With electricity out for days, no water pump, and only 500 gallons of water, we adapted to not showering. We joked about the plethora of products stored in our home showers. We thanked dill profusely for the water bucket he set aside for each of us. We doused ourselves in deodorant and perfume, and we enjoyed being with each other, pheromones flowing, because that’s all that really matters. Dil’s daughter Manisha turned 17 three days post-quake. For her birthday, Dil boiled water, so she could take a warm bath and feel clean: A gift which humbled us all.

  1. Spooning with your village isn’t awkward: 2015-04-27 09.44.03

We are all humans. We all need food, water, and sleep to survive. The beauty which comes from disaster is that this human element awakens when you are all relying on each other in survival mode, and this was especially apparent that first night, when sleep fell upon us all. All the neighbors came together…literally. Under a makeshift tarp and bamboo tent, we “slept”100 bodies twisted and spooned across a 250 sq. ft. area. If you need to be warm do this: Grab a partner, sit on your knees in thunderbolt pose… Have your partner sit facing you, but directly to your side then both collapse to your inside, resting your heads on each other’s knees and hips. Your internal organs are protected and heat radiates between you despite the chili outside air. Everyone spooning you on other sides helps too. If you are warm, your mind is left to the hierarchy of other thoughts. And something special happens when an entire village is touching. We will never again take space for granted, and remember this night warm and safe with each other.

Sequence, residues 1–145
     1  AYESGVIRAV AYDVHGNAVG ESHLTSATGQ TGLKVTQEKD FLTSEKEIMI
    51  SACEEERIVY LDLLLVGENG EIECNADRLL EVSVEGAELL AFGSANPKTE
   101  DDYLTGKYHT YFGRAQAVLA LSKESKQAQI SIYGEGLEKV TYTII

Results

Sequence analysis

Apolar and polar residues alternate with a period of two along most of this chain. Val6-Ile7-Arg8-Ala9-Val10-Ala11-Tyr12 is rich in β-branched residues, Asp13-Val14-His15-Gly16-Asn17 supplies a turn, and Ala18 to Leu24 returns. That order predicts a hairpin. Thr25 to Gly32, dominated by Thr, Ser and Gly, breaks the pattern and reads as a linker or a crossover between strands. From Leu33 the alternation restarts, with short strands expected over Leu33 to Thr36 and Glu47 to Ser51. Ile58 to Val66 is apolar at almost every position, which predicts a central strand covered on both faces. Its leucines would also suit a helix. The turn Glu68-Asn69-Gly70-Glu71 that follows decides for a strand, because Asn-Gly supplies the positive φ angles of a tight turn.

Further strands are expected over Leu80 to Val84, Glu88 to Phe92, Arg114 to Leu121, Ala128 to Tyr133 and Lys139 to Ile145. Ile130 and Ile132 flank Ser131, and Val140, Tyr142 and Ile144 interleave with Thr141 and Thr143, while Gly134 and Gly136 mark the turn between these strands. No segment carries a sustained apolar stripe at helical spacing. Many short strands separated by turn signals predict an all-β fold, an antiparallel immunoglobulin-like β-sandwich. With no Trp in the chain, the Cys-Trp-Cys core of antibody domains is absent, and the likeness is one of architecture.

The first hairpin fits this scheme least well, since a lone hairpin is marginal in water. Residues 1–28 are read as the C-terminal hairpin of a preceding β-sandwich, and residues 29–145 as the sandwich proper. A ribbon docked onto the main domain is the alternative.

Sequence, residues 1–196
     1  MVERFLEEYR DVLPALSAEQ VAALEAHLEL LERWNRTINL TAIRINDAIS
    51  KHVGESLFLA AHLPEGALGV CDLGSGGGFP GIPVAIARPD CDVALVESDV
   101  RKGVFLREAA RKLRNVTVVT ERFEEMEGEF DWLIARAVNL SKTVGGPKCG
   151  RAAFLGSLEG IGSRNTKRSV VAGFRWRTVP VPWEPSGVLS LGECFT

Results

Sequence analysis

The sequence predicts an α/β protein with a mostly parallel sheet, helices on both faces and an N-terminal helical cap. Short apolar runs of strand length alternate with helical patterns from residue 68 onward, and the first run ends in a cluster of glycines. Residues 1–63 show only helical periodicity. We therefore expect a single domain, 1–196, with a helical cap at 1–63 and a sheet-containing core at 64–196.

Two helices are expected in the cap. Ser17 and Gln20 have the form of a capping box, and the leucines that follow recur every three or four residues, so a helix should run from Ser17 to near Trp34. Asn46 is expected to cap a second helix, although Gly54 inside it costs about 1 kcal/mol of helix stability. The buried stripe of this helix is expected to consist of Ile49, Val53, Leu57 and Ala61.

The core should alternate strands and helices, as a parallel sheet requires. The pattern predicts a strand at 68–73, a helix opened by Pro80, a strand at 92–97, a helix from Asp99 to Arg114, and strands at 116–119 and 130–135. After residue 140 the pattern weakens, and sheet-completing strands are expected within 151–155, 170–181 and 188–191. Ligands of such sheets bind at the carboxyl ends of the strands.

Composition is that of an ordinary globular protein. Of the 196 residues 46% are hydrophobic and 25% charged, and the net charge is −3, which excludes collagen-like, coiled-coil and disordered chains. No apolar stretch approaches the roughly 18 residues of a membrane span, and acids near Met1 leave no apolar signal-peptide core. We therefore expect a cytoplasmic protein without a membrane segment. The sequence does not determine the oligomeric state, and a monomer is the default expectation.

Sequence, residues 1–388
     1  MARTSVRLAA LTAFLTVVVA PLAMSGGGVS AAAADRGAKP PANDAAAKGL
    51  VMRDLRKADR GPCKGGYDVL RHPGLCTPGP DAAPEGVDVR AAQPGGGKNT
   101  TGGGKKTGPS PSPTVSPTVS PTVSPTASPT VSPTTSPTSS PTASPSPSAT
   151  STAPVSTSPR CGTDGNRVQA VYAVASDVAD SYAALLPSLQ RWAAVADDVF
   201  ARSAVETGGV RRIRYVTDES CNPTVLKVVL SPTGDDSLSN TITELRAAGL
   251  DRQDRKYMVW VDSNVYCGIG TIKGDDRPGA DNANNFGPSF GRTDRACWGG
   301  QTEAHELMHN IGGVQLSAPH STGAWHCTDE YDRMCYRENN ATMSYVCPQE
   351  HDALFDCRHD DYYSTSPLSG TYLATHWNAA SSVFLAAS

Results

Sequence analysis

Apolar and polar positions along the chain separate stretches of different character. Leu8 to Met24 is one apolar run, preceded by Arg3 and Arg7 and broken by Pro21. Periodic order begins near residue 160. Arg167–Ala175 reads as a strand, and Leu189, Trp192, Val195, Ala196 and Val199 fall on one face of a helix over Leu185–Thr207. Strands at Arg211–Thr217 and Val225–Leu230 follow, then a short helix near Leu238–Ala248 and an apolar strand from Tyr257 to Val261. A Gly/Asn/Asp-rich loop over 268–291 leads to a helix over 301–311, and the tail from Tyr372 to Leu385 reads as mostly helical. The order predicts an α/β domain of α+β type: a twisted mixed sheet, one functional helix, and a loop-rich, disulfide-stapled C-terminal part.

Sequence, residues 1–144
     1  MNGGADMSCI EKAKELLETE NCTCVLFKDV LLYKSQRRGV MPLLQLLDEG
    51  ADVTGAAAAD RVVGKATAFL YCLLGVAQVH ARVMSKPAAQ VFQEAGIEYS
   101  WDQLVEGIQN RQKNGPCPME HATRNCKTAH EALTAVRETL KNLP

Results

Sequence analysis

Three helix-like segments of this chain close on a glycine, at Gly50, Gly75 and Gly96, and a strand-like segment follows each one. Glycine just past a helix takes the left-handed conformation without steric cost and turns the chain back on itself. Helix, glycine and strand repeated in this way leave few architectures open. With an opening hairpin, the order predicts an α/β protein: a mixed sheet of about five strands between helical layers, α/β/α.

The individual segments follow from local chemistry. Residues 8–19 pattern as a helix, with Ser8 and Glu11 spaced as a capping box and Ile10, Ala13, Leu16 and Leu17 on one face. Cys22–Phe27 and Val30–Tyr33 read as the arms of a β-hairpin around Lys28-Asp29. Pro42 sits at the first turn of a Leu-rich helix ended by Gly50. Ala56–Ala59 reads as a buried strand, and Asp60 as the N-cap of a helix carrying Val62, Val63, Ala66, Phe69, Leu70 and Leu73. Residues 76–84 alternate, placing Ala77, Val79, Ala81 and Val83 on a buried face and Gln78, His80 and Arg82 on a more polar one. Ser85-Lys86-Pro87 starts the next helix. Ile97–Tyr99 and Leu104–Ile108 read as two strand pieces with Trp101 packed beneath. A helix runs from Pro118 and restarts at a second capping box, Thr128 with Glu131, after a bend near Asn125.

1. Possessions mean nothing and everything: 2015-04-27 08.42.44